New York University Skip to Content Skip to Search Skip to Navigation Skip to Sub Navigation

New Finding Offers Neurological Support for Adam Smith’s ‘Theories of Morality’

September 28, 2012

The part of the brain we use when engaging in egalitarian behavior may also be linked to a larger sense of morality, researchers have found. Their conclusions, which offer scientific support for Adam Smith’s theories of morality, are based on experimental research published in the Proceedings of the National Academy of Sciences.

The study was conducted by researchers from NYU’s Wilf Family Department of Politics; the University of Toronto; the University of California, San Diego; the University of California, Davis; and the University of Nebraska, Lincoln.

Previous scholarship has established that two areas of the brain are active when we behave in an egalitarian manner—the ventromedial prefrontal cortex (vmPFC) and the insular cortex, which are two neurological regions previously shown to be related to social preferences such as altruism, reciprocity, fairness, and aversion to inequality. Less clear, however, is how these parts of the brain may also be connected to egalitarian behavior in a group setting.

To explore this, the researchers conducted an experiment in which individuals played a game to gauge brain activity in decision-making. To get at a more detailed understanding of neurological activity during this game, they also examined whether activations were associated with two specific measures of egalitarian preferences elicited outside of an fMRI.

The researchers found that these two measures of egalitarian preferences were significantly associated with activations in the insular cortex, but not with the vmPFC. This result is a potentially profound one as the insular cortex is also the part of the brain that processes the relationship of the individual with respect to his or her environment. In other words, egalitarian behavior may not exist in isolation, neurologically speaking, but, rather, be part of a larger process that stems from altruism and a sense of the larger social good.

Adam Smith expressed this perspective in his 18th-century essay, The Theory of Moral Sentiments.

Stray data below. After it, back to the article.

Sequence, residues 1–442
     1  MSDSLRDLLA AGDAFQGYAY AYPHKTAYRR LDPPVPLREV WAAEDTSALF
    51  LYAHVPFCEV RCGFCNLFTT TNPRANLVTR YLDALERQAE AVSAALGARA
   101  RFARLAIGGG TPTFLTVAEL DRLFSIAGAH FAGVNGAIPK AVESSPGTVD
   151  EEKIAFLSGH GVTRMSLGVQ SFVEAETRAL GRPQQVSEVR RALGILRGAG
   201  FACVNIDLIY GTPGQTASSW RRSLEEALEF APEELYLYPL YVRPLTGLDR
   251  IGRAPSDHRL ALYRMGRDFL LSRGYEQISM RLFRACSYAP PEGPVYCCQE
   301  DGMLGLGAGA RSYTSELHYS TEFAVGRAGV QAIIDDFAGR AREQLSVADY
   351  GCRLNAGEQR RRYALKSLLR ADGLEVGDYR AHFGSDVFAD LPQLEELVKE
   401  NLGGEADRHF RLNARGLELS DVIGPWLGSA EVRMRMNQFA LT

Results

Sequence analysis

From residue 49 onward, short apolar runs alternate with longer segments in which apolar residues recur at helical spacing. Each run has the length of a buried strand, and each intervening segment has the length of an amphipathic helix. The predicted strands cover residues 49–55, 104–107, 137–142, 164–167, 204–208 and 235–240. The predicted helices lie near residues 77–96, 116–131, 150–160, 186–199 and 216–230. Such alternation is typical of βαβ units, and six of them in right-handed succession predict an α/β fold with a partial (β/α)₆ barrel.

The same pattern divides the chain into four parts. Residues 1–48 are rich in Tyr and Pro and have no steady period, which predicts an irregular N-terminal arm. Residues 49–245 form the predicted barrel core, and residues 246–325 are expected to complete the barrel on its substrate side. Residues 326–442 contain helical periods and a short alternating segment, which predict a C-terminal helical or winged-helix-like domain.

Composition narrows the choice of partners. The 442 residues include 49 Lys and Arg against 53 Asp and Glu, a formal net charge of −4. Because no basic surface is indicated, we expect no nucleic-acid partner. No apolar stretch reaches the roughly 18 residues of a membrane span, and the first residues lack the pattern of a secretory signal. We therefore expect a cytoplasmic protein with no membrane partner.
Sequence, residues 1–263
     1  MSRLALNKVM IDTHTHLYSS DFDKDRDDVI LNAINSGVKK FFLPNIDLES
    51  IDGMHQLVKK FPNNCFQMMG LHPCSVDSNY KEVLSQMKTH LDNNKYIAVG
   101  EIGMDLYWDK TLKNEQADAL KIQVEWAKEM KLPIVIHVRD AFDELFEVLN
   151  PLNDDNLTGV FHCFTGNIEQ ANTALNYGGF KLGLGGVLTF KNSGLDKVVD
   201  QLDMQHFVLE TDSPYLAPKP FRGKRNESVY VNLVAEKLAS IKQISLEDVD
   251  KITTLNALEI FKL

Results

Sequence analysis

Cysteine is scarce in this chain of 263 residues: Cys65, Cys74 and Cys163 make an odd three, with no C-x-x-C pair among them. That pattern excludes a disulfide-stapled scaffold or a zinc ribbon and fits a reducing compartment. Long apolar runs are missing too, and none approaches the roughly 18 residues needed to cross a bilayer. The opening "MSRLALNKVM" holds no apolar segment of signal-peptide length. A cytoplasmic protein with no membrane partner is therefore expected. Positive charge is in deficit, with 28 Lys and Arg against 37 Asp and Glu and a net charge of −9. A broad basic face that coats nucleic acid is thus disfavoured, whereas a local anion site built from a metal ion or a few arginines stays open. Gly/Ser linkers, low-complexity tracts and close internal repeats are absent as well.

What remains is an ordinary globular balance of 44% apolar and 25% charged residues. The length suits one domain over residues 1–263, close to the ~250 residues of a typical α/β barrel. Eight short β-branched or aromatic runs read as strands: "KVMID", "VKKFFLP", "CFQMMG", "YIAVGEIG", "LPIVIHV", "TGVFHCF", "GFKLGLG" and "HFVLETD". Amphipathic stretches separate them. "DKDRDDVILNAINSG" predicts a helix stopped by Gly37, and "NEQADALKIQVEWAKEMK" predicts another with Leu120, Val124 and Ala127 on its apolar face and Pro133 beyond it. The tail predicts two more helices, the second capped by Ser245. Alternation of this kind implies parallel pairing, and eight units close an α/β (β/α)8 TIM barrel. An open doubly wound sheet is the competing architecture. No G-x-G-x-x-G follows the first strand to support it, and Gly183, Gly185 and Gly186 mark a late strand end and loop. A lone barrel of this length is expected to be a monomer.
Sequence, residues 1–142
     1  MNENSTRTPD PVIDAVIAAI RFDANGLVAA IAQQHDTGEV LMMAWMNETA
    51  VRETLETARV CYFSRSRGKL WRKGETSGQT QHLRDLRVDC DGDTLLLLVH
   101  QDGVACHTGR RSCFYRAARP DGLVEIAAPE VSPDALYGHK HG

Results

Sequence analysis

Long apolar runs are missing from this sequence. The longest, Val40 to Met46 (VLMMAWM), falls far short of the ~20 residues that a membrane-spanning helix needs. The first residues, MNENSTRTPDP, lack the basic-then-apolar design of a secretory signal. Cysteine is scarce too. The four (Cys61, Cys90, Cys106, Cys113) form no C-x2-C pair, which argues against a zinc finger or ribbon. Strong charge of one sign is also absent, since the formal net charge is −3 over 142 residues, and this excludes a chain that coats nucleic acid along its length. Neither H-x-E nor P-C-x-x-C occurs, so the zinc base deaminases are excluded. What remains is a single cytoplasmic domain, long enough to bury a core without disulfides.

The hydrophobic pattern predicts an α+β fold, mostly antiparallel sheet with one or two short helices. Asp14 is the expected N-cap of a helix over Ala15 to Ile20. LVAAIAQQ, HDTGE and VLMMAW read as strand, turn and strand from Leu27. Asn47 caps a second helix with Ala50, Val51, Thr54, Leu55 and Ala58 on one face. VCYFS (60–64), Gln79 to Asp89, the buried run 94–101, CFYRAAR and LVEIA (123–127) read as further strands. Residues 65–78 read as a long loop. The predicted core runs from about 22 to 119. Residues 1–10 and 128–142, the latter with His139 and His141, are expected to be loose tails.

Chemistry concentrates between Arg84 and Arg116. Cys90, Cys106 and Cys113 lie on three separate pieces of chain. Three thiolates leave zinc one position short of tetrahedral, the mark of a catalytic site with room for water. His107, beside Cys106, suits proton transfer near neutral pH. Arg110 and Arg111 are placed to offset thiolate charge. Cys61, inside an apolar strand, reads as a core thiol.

“Adam Smith contended that moral sentiments like egalitarianism derived from a ‘fellow-feeling’ that would increase with our level of sympathy for others, predicting not merely aversion to inequity, but also our propensity to engage in egalitarian behaviors,” the researchers write. “The evidence here supports such an interpretation.”

Type: Article

Press Contact: James Devitt | (212) 998-6808

New Finding Offers Neurological Support for Adam Smith’s ‘Theories of Morality’

Search News



NYU In the News

Entrepreneurship Lab Opens at NYU

Crain’s New York Business covered the opening of the Mark and Debra Leslie Entrepreneurial eLab, which will be the headquarters for NYU’s Entrepreneurial Institute and all of the University’s programs aimed at promoting innovation and startups.

A Globalizer for N.Y.U. in Abu Dhabi

The New York Times profiled Bill Bragin who will become the first executive artistic director of NYU Abu Dhabi’s new performing arts center.

Think Tank to Ponder a Future for Ballet

The New York Times profiled Jennifer Homans, the director of NYU’s new Center for Ballet and the Arts.

The Brilliant Ten: Jonathan Viventi Builds Devices That Decode Thoughts

Popular Science named Assistant Bioengineering Professor Jonathan Viventi as one of its “brilliant ten” for his research into brain implants that could one day halt epileptic episodes:

Living and Leaving the Dream: Adrian Cardenas’ Journey from the Major Leagues to College

The New York Times ran a feature on Adrian Cardenas, a former major league baseball player who is now studying philosophy and creating writing at NYU.

NYU Footer